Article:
By breaking through heartache, David Ramirez has gone on a search for understanding. The Austin resident and frequent traveler to clubs, theaters and listening rooms all over the country, has come to a phase in his creative life where the tears have dried and moving on looks like the best option. That change in perspective hasn’t erased the weary searching that has characterized Ramirez’s sparse Americana songwriting for more than a decade. It just means the questions he’s asking on his new album Apologies have changed. “There’s less to do with heartache and a lot more to do with personal struggles, and hope. I see a lot of hope in these songs,” Ramirez, 29, says. “I’ve been working on these and many other songs for a couple years but I didn’t know what I wanted this album to say until right before going into the studio. Once I finished ‘An Introduction’ I knew this was going to be a very personal album.” That song finds Ramirez standing in a Roman cathedral looking for God – singing atop a simple but driving shuffle – while the sparse acoustic guitar-and-voice number “Goodbye” shows him closing the book (and setting it ablaze) on a relationship that seems to have left him permanently unsettled. Whether solo or with accompaniment, Ramirez and his characters make an impression, which is why Paste magazine called him, “The best damn songwriter you don’t know yet” and folk stars The Civil Wars praised him as “Soulful, stirring, heartbreaking.” With Apologies Ramirez has widened his view but is looking outward as intensely as ever. The answers might elude him – as they do all of us – but the questions he’s asking ring honest and true.
Seryn is a 5 piece band who calls Denton, Texas their home. When listening to the well layered textures of guitars, ukulele, accordion, bass, viola, banjo and various percussion, it’s hard to imagine This Is Where We Are is the band’s debut effort. The band’s strength resides in their vast musical talent and understanding of dynamics. Their beauty is gracefully displayed through chilling harmonies. Each member and their voice carry the same importance. One is not complete without the other. It is in this craft that the young band shines so bright. It has earned them a sound that isn’t easily defined, but still proven triumphant. What may first appear as straight folk songs, later transcend into menacing walls of sound. The term “Folk-Pop” has been thrown around and maybe it loosely fits, but we will leave the definitions up to you.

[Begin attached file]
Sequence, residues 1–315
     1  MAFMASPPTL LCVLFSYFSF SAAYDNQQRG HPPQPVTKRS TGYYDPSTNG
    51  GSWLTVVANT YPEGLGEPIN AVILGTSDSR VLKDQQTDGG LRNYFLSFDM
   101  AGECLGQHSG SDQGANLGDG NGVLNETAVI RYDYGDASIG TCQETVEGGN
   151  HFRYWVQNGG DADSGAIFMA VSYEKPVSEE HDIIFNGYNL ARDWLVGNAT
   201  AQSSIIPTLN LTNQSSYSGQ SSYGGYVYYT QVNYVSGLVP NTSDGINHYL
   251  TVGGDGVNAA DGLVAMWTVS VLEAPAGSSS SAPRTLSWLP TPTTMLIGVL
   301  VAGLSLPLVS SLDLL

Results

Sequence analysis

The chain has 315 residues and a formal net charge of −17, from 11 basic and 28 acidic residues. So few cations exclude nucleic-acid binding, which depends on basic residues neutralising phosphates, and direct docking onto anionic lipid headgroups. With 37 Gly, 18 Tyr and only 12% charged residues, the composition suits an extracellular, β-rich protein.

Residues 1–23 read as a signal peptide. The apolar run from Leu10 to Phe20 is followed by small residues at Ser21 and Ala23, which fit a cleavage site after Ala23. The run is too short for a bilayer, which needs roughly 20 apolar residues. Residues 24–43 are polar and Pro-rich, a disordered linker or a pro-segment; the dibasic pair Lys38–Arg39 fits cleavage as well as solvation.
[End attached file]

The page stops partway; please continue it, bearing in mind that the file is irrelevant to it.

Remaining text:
Sean Bruce is a young independent folk artist from Lafayette, LA. At age 19, Sean Bruce resigned from the School of Music at the University of Louisiana at Lafayette to pursuit songwriting and begin touring. Bruce’s early stab at intricate songwriting has grown him a fan base across the region.
His musical influences include legends such as Bruce Springsteen and Bob Dylan. He combines these melodic influences with the help of writers like Henry David Thoreau, Mark Twain, and Ralph Emerson and poets such as Walt Whitman and Robert Frost.
Sean Bruce’s personable presence on and off stage creates a genuine relationship with his audience. He take you on a cloud ride with soft and simple songs about nature, love, and travel. Armed with an acoustic guitar and a harmonica, Bruce’s ability to combine story and song has gained him a diverse, loyal fan base.
Sean Bruce released his debut album “Daytime Hopes” in April 2011, and he hopes to put it in the hands of the people who keep the music industry alive, the fans. As an independent artist, Sean is thankful for his freedom and will always continue to write and share his music.
Blue Bear is a 5-piece indie/folk group based in Austin, Texas. Only a year into its existence (and only 6 months as a full band), Blue Bear has already created a buzz in the Austin music scene with their incredible live performances and effortless 4-part harmonies. Blue Bear has already been featured on local radio in Austin and recently participated in The Recording Conservatory of Austin’s 6th Annual “Unsigned Artist Competition,” in which they competed against hundreds of bands from around the country to play a showcase for music industry representatives at Stubb’s BBQ in Austin. Blue Bear took home 1st prize in the showcase which included 100 free hours of studio recording time at John Stinson’s Stinson Studios in Austin. If these early successes are any indication, Blue Bear has a bright future ahead of them.
Drawing upon their biggest influences (bands such as Fleet Foxes, Grizzly Bear, Band of Horses, and The Decemberists), Blue Bear has put together an impressive repertoire of original music, as well as several covers. The band is currently in the process of recording a second EP at The Recording Conservatory of Austin, and was just recently the featured band in The Art Institute of Austin’s “Summer Studio 2012,” a week of creative workshops for high school students looking to expand their knowledge of creative arts.